CSS Alabama Migrates South For the Winter, November 1862
While raiding Gulf Stream merchant traffic near Nova Scotia, Confederate Captain Raphael Semmes was well aware that the weather could turn nasty quickly. Well versed in oceanography and meteorology, much of Semmes' autobiography, Service Afloat, is devoted to the science behind weather his ships encountered. A storm packing 50 knot winds in the middle of October prompted (shown above) him to exit the Grand Banks region and head south for warmer temperatures and calmer winds. A search on NOAA's Historical Hurricane Tracks website shows that Alabama had been been caught up in a dying Category One hurricane.
Raphael Semmes' diagram of the tropical storm
CSS Alabama went through in October 1862.
Just as Alabama was exiting the region, the U.S. Navy finally sent warships in. New York and New England's businessmen were expressing their concern to Secretary of the Navy Gideon Welles about Alabama's presence. The New York City Chamber of Commerce even inquired if Welles would be willing to empower the Chamber of Commerce to arm their own private ships to hunt Alabama! As both a symbolic and real response to the merchants' concerns, Welles dispatched railroad tycoon's Cornelius Vanderbilt's donated steamer USS Vanderbilt to search for the Confederate cruiser in the Grand Banks.
By the time Vanderbilt reached her patrol zone, Alabama had already burned three more merchant ships and was half way to the West Indies. Having found friendly reception on the French colony of Martinique with CSS Sumter, Semmes decided to make port there in early November 1862. The same French colonial governor was still in power. He gave Semmes and his company another hearty welcome. The only issue Semmes faced was a minor, liquor-induced munity. About twenty drunk sailors threatened the officers. Fortunately, Semmes and his officers were able to get them under control. Semmes ordered the men to be dumped in cold water until they sobered up.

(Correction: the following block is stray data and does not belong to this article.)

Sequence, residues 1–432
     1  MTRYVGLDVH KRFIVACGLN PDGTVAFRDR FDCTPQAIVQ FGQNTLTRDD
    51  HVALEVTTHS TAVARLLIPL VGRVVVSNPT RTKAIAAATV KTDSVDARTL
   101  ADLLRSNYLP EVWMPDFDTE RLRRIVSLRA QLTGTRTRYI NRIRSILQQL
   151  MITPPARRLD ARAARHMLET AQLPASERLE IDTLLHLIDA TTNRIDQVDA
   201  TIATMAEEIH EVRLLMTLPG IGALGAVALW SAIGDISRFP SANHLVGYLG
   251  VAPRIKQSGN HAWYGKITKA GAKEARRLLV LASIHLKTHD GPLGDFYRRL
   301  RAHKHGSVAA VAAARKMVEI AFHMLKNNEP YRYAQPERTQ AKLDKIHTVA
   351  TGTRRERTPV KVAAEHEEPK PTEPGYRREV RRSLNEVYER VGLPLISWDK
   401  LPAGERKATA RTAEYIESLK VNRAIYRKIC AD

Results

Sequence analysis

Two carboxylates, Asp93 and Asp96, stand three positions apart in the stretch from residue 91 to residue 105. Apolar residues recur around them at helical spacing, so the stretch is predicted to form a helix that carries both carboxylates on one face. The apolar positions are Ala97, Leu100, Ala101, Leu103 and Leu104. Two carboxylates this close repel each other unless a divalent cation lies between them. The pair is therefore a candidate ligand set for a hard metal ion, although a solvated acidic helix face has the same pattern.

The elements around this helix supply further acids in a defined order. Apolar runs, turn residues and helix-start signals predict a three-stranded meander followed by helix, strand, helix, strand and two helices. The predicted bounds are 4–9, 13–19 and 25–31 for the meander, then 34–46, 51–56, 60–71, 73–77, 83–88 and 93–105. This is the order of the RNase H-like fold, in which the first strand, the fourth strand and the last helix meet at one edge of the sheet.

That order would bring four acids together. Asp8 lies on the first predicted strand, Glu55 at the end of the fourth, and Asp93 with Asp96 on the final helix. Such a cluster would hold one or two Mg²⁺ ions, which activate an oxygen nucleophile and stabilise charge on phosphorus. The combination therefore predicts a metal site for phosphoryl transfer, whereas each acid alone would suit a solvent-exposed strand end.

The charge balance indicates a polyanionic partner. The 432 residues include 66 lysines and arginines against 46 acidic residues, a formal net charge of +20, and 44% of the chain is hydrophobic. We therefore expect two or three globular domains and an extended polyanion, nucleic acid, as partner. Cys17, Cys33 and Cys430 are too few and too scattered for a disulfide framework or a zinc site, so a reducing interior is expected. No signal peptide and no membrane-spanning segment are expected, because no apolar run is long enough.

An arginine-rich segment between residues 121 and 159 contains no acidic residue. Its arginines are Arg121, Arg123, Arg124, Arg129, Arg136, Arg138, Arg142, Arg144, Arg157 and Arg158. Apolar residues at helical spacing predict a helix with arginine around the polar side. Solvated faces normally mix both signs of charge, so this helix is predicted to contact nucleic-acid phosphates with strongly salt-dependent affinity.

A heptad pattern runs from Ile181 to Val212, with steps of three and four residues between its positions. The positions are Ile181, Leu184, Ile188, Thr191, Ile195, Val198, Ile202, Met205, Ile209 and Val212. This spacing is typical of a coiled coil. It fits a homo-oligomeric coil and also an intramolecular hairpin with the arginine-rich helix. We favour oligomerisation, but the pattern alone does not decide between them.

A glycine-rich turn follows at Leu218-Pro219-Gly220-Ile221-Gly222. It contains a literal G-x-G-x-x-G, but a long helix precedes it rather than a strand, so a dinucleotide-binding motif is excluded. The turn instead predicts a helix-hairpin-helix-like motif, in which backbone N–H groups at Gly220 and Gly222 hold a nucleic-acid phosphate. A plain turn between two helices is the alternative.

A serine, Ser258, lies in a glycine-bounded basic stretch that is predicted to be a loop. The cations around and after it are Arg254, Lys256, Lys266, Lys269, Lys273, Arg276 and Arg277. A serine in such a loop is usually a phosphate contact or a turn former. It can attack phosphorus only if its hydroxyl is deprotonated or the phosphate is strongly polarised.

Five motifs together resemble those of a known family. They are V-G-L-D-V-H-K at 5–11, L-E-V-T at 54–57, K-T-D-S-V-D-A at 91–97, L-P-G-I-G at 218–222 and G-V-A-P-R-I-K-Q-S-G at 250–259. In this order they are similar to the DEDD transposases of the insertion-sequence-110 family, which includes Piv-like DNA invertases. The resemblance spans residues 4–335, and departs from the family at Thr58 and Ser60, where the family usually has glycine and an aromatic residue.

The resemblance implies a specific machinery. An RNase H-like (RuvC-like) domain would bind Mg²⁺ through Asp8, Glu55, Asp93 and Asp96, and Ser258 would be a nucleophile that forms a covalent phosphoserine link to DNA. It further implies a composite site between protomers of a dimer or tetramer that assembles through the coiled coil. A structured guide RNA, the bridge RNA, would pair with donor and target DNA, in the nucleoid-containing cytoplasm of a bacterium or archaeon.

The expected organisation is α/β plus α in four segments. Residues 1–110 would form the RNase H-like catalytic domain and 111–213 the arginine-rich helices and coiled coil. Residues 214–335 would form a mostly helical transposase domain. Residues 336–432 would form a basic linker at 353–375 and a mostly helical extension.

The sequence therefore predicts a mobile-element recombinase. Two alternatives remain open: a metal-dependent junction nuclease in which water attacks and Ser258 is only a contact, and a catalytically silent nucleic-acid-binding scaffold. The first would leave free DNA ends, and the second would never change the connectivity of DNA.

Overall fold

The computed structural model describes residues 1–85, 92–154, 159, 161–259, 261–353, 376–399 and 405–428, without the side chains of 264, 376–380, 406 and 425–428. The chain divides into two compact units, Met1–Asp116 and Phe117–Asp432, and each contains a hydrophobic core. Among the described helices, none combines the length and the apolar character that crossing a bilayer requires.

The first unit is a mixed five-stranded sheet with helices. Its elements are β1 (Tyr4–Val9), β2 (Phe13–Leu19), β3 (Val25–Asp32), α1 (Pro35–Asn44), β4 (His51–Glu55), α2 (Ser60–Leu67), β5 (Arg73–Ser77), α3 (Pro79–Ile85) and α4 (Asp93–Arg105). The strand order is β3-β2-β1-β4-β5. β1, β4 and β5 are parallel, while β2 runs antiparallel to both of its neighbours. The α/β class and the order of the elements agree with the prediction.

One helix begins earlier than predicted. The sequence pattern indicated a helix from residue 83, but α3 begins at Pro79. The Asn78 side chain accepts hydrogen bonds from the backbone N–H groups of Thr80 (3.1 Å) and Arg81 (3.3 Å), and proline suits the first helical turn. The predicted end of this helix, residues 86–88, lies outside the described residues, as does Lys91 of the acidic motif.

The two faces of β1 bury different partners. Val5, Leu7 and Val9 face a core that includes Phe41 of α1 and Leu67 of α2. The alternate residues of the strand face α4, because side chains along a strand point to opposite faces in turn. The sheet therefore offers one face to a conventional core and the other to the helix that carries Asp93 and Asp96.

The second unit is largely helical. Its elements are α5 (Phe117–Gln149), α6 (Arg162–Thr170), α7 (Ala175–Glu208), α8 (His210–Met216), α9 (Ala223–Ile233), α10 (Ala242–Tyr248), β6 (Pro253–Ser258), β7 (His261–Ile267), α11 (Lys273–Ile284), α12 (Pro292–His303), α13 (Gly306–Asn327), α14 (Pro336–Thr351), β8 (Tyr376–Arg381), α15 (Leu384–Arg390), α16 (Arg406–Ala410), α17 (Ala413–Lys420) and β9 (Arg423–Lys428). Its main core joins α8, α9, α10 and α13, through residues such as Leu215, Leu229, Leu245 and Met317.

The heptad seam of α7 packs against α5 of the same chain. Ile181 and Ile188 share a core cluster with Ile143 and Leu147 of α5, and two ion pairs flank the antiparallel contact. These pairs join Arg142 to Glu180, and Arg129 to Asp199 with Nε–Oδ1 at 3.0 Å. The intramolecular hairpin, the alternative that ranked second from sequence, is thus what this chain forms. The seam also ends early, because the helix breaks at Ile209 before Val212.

USS San Jacinto
Much like the 1861 visit, a U.S. Navy cruiser spotted Semmes' ship. In this case, it was USS San Jacinto under the command of Commander William Ronkendorff. Knowing the 24-hour rule was in effect (San Jacinto could not leave Martinique until 24-hours after Alabama left), Ronkendorff enlisted the help of two New England-based whaling ships to watch the harbor exits.
Semmes realized that San Jacinto out-gunned him two-to-one and did not seek out a fight. Fortunately, French naval officers gave the Confederate captain accurate charts of Martinique's harbor and advice on the best escape route. The French naval officers also warned Yankee whaling ships not fire off any signaling rockets while in harbor or face a stiff fine.The result was an easy escape for Alabama. Early in morning of November 19, Alabama slipped her anchor and quietly steamed out. When the sun came up, Ronkendorff and his staff saw no sign of the enemy cruiser. While the U.S. commander wrote out his apology/defense of the Alabama's escape in a note to Welles, the Confederate cruiser headed south towards Venezuela.